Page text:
Autism or autism spectrum disorder (ASD) is a complex neuro-developmental disorder with a range of conditions characterized by challenges with social skills, repetitive behaviours, speech and nonverbal communication, as well as by unique strengths and differences. There are still a lot of misconceptions about the disorder and it doesn’t help that there aren't many local studies to help us get a better understanding of the disorder. On autism in children, neuropsychologist Dr. Tim Conway recently said, "Kids can have autism, but they are not autism. They're kids. They have skills, they have abilities, autism is something that they deal with, it's a medical condition, it's a neuro-developmental disorder, but it doesn't define the child." While the verdict is still out on specific regional factors and autism, here are at least five things you should know about the disorder. 1. Autism is NOT a mental health disorder It’s a neurological disorder marked by abnormalities in the brain. Most people believe those who have autism lack empathy and cannot develop meaningful relationships, however, they can feel as much, if not more than their peers according to PBS. 2. Diagnosis: The earlier, the better U.S. research has shown that babies with the condition begin demonstrating diminished eye contact from as early as two months. Parents should pay attention if they notice light or sound sensitivity or language delays. "Most autism specialists are hesitant to make a diagnosis earlier than 18 months, but if you do see warning signs—no big smiles by 6 months, no babbling or pointing by 12 months, no words by 16 months," according to Lisa Shulman, MD, director of Rehabilitation, Evaluation and Learning for Autistic Infants and Toddlers at the Kennedy Center at The Albert Einstein College of Medicine and Montefiore Health System in New York. Doctors typically evaluate a child’s behaviour through a developmental screening and then a comprehensive diagnostic evaluation, which can include hearing, vision, and neurological tests. The doctor may also recommend a follow-up visit to a specialist, such as a developmental paediatrician. 3. Autism symptoms vary Symptoms of autism spectrum disorder can vary widely depending on the individual. Symptoms of the disorder are mild for some and more pronounced in others, but symptoms of autism spectrum disorder generally tend to involve communication skills and social behaviours, such as being extremely introverted, not wanting to play with other children, or not making eye contact. They may repeat certain behavioursover and over again, or they may become obsessed with a particular toy. Lack of verbal skills is one of the most well-known symptoms. Other red flags for parents: if a child is very sensitive to noise, throws intense tantrums, doesn’t respond spoken to, doesn’t point at interesting objects, or doesn’t play “pretend” games by 18 months. 4. Boys are more likely to be diagnosed Boys are almost five times more likely to be diagnosed with Autism Spectrum Disorder than girls. Studies have shown that ASD tends to be under-diagnosed in girls mainly because of how social constructs dictate what expected from boys versus girls.If a girl is quiet, it's assumed that she's just shy and prefers to play by herself. Boys are stereotypically expected to be more outgoing, run around and roughhouse with his friends, and when that stops, it's more noticeable and tends to get looked into more. 5. It's in the genes At least 50% of diagnosed autism cases can be traced back to gene-disabling mutations in one of about 500 genes found in the child—but not in his or her parent, according to a recent study. About 200 of these genes are known and appear to have a role in early brain development. While this study shows the surprising role genetics play in autism, some research also shows lifestyle factors may have an impact. Children born to women who were obese, had high blood pressure or had diabetes had a 60% higher risk of developing autism. Get the latest local and international news straight to your mobile phone for free: Download the Loop News Caribbean app on Google Play Store:http://bit.ly/GetALoop Download the Loop News Caribbean app on the App Store:http://bit.ly/GetiLoop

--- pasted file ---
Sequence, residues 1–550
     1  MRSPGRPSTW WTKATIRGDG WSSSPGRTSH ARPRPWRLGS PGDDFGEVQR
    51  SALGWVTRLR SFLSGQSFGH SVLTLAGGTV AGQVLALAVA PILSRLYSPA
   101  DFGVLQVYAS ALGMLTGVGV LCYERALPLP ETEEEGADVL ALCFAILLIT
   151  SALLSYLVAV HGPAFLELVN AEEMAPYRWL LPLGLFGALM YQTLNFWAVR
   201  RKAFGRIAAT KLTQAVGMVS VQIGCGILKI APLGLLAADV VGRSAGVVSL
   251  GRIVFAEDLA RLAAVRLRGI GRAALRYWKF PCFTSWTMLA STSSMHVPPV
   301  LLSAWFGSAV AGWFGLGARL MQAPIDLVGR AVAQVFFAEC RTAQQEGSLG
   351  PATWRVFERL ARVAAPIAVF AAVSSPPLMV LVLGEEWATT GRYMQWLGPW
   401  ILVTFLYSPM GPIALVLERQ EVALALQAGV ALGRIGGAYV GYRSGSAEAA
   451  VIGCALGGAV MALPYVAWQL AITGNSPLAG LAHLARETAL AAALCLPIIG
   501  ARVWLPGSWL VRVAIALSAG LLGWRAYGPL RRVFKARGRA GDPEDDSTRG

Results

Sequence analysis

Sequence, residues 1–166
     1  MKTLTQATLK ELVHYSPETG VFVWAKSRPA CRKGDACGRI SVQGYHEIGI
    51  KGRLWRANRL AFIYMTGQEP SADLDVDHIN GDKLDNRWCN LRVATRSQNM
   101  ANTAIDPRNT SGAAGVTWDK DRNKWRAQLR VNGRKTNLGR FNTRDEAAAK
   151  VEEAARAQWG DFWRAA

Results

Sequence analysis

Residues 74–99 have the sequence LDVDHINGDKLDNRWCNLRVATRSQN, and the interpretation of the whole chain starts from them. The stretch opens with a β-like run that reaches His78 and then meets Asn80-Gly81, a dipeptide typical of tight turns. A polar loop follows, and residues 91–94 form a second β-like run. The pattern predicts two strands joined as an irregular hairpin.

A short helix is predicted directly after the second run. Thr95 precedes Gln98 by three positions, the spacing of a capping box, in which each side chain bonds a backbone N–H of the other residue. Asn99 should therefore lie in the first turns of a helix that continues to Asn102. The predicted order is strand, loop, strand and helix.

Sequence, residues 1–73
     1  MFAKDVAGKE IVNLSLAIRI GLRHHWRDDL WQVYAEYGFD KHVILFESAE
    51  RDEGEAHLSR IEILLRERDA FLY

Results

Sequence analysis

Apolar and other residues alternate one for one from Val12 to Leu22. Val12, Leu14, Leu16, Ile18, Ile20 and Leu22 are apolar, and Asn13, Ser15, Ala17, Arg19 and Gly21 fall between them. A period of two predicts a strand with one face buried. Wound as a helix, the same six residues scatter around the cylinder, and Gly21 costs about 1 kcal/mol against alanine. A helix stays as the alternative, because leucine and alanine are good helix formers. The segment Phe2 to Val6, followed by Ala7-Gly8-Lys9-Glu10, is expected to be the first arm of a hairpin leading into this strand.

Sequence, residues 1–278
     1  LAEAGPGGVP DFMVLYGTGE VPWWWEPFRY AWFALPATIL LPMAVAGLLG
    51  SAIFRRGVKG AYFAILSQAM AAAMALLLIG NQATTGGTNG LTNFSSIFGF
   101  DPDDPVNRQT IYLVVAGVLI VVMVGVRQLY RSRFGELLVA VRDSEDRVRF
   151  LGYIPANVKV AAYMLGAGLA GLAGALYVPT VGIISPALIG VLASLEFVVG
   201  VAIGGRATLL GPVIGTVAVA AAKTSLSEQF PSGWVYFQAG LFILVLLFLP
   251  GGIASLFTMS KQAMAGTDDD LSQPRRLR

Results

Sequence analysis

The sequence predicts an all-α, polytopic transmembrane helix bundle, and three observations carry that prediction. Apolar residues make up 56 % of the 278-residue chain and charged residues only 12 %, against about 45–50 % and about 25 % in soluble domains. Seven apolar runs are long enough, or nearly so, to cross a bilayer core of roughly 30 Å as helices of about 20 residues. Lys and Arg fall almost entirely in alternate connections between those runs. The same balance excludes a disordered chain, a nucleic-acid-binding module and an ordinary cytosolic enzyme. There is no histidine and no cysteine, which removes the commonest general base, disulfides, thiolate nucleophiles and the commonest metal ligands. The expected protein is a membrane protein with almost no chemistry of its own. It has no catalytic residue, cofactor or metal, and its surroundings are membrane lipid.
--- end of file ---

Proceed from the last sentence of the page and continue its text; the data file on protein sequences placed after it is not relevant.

Photo by Itay Kabalo on Unsplash

It's 420, the day that marijuana smokers consider Cannabis Christmas. As the world focuses on marijuana, not just the consumption but the repeal of laws that make possession and consumption illegal, wetake a lookat what Caribbean islands are doing in that regard. Is it safe to smoke in the Caribbean? Which islands have made marijuana legal and can you smoke just for medicinal use or recreation? In this list, we look at the islands taking a progressive stance on marijuana. Antigua and Barbuda In February, the Antigua and Barbuda lower house of parliament passed the Misuse of Drugs (Amendment) Billthat decriminalises the possession of up to 10 grams of cannabis. Jamaica Jamaica has legalised medical marijuana and createda new licensing systemgoverned by the Cannabis Licensing Authority to allow farmers to legally grow cannabis for medical, scientificor therapeutic purposes. Cayman Islands In 2016, Cayman Island Governor Helen Kilpatrick approved a bill that amends the Misuse of Drugs Bill 2016allowing cannabis oil to be imported and sold for medicinal purposes. This step by the government legalised the medical use of ganja in the form of an oil or tinctures to treat cancer, epilepsy, or as a pain reliever for osteoarthritis andrheumatoid arthritis, among a list of other conditions. Belize The amended Misuse of Drugs Actpassed in 2016 decriminalises possession and use of small amounts of marijuana. Adults can have up to 10 grams of marijuana in their possession and smoke it on their own premises or somebody else’s private premises, once the owner gives permission. St Kitts Prime Minister Timothy Harris of St. Kitts and Nevis established a National Marijuana Commission in 2016 to research the various implications involved in decriminalising the plant.